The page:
The Turkish-owned, Liberian-flagged MV Karadeniz Powership Rauf Bey anchored in Port Sudan. (Courtesy photo)

Port Sudan plagued by persistent power outages

Residents of Port Sudan have expressed frustration over frequent power outages lasting up to 6 hours a day, with some areas experiencing even longer interruptions.

Residents of Port Sudan have expressed frustration over frequent power outages lasting up to 6 hours a day, with some areas experiencing even longer interruptions.

The outages which began last week affect various neighborhoods and cause significant disruptions to essential services, greatly impacting residents’ lives.

Compounding the issue, Port Sudan is currently experiencing a substantial heatwave as summer approaches.

The city relies on electricity supplied by Turkish power ships operating off the Red Sea coast. However, efforts to reach the management of the Turkish firm to understand the reasons for the outages have been unsuccessful.

Sources informed Radio Tamazuj that the outages are due to maintenance work on one of the electricity generation ships.

Omar Adam, a Port Sudan resident, told this publication that power supply is intermittent.

“Power outages vary from one area to another. There is a need for consistent electricity, especially for patients and children, amidst the soaring temperatures,” he stated. “Temperatures have been rising lately and we hope that this year’s power outages will not be as severe as last year.”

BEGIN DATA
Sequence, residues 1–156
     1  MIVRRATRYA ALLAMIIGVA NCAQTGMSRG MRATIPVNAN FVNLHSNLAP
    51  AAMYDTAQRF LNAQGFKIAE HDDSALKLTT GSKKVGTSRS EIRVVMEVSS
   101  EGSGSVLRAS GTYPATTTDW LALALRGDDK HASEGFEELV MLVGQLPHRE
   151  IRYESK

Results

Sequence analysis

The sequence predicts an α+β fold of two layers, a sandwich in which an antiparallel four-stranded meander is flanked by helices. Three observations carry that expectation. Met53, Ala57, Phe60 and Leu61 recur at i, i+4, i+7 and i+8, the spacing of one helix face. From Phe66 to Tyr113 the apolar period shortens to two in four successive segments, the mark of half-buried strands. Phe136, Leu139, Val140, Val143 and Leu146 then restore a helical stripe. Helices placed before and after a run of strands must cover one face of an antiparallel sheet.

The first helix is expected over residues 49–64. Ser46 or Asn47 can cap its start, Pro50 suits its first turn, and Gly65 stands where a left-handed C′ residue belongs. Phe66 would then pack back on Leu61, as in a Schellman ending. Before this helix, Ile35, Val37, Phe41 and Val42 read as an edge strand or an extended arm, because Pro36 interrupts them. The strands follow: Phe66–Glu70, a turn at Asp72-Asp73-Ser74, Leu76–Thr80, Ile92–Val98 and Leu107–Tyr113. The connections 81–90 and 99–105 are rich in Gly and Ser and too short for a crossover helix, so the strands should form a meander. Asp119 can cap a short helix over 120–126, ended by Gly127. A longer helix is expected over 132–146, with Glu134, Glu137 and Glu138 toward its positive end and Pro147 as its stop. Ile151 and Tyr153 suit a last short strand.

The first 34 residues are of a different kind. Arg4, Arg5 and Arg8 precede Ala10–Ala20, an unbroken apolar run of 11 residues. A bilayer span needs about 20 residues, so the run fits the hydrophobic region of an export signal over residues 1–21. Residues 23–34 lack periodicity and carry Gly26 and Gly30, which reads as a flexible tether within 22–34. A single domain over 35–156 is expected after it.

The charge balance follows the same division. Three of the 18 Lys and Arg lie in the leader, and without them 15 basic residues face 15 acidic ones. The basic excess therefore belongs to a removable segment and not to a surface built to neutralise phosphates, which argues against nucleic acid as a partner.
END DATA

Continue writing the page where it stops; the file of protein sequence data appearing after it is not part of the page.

Mohammed Esam who now resides in the city after being displaced by the ongoing war, said the electricity outages had become unbearable.

“I am a displaced person renting an apartment for 50,000 Sudanese Pounds per day and we have to endure power outages lasting 12 or 13 hours a day,” he lamented. “I spend a third of my day outside the house or in the street, unable to work due to power outages.”

A journalist, Salih Al-Daw, who was also displaced by the ongoing conflict, said the blackouts have affected his work.

“Due to the frequent power cuts, I am currently on the streets and this has greatly affected us,” he bemoaned. “I and my colleagues are suffering from power cuts and extremely high temperatures, leading to a halt in our work due to the electricity disruptions.”

This publication saw a press release from the Sudanese Ministry of Oil which announced the completion of integrating electricity from the solar power station at the Northern Cement Factory in Al-Damar on Thursday evening.

The statement indicated that the capacity integrated until Friday amounted to 34 megawatts from the solar station, resulting in the operation of cement factories during daylight hours and a reduction in power outage hours.

“This capacity integration marks the first phase, with expectations for the completion of the second phase by integrating the design capacity of the station soon,” the statement said.